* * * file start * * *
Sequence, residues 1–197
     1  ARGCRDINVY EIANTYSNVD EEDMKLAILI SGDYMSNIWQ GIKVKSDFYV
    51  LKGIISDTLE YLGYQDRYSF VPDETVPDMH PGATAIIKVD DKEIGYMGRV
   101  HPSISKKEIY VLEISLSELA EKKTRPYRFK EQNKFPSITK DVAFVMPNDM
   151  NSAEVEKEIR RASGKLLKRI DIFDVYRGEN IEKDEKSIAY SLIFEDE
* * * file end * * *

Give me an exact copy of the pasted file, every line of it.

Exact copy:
Sequence, residues 1–197
     1  ARGCRDINVY EIANTYSNVD EEDMKLAILI SGDYMSNIWQ GIKVKSDFYV
    51  LKGIISDTLE YLGYQDRYSF VPDETVPDMH PGATAIIKVD DKEIGYMGRV
   101  HPSISKKEIY VLEISLSELA EKKTRPYRFK EQNKFPSITK DVAFVMPNDM
   151  NSAEVEKEIR RASGKLLKRI DIFDVYRGEN IEKDEKSIAY SLIFEDE